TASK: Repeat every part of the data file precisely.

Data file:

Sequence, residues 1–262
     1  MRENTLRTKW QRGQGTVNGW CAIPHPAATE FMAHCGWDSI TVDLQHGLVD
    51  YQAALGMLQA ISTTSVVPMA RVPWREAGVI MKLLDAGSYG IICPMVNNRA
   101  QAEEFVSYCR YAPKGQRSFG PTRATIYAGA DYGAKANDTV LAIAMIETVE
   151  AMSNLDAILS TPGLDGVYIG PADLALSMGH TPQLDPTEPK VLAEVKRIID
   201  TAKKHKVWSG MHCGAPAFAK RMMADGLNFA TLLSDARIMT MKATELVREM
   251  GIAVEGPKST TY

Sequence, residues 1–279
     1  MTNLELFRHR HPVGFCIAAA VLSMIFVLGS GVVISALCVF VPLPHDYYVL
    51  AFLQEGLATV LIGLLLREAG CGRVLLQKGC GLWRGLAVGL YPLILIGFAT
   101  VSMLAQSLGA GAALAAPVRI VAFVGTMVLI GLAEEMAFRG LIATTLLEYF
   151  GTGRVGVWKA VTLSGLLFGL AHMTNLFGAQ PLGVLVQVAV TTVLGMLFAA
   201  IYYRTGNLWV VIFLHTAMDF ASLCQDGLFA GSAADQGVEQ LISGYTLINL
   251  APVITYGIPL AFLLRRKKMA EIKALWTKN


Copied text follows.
Sequence, residues 1–262
     1  MRENTLRTKW QRGQGTVNGW CAIPHPAATE FMAHCGWDSI TVDLQHGLVD
    51  YQAALGMLQA ISTTSVVPMA RVPWREAGVI MKLLDAGSYG IICPMVNNRA
   101  QAEEFVSYCR YAPKGQRSFG PTRATIYAGA DYGAKANDTV LAIAMIETVE
   151  AMSNLDAILS TPGLDGVYIG PADLALSMGH TPQLDPTEPK VLAEVKRIID
   201  TAKKHKVWSG MHCGAPAFAK RMMADGLNFA TLLSDARIMT MKATELVREM
   251  GIAVEGPKST TY

Sequence, residues 1–279
     1  MTNLELFRHR HPVGFCIAAA VLSMIFVLGS GVVISALCVF VPLPHDYYVL
    51  AFLQEGLATV LIGLLLREAG CGRVLLQKGC GLWRGLAVGL YPLILIGFAT
   101  VSMLAQSLGA GAALAAPVRI VAFVGTMVLI GLAEEMAFRG LIATTLLEYF
   151  GTGRVGVWKA VTLSGLLFGL AHMTNLFGAQ PLGVLVQVAV TTVLGMLFAA
   201  IYYRTGNLWV VIFLHTAMDF ASLCQDGLFA GSAADQGVEQ LISGYTLINL
   251  APVITYGIPL AFLLRRKKMA EIKALWTKN